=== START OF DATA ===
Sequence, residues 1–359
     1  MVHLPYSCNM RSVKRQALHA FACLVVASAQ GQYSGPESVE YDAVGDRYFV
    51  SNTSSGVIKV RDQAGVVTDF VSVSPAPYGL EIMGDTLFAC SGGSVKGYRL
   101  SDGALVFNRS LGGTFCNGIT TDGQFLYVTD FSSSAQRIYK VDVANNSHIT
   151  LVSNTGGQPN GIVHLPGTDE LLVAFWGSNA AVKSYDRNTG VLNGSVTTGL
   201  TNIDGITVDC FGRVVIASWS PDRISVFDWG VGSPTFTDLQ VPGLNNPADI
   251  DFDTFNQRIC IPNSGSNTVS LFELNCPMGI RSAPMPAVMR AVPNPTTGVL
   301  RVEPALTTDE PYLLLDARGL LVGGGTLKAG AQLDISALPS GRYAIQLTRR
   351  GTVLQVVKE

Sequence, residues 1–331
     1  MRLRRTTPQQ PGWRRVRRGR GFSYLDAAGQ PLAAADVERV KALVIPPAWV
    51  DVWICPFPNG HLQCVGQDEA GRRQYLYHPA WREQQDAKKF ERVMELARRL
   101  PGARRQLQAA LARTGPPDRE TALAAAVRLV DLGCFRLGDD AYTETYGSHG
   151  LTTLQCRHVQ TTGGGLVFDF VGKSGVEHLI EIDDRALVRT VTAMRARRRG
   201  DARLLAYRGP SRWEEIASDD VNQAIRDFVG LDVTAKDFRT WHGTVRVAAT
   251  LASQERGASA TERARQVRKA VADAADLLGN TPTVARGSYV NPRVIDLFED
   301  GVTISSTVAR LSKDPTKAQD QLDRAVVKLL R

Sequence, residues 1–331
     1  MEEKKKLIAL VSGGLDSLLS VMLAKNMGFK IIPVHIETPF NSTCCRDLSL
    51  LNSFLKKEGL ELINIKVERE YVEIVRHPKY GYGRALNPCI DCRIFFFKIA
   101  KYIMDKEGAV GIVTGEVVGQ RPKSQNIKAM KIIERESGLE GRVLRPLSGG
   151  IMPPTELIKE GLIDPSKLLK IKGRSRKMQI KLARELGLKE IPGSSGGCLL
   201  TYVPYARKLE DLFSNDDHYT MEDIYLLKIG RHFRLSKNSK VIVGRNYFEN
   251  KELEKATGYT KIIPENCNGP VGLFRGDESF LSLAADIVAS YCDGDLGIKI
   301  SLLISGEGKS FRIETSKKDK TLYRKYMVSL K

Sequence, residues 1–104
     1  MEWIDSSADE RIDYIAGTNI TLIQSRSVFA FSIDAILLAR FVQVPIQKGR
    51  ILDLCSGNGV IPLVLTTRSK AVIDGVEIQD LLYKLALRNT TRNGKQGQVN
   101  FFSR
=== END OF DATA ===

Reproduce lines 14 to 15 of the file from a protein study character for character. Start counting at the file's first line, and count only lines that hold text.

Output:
   151  LTTLQCRHVQ TTGGGLVFDF VGKSGVEHLI EIDDRALVRT VTAMRARRRG
   201  DARLLAYRGP SRWEEIASDD VNQAIRDFVG LDVTAKDFRT WHGTVRVAAT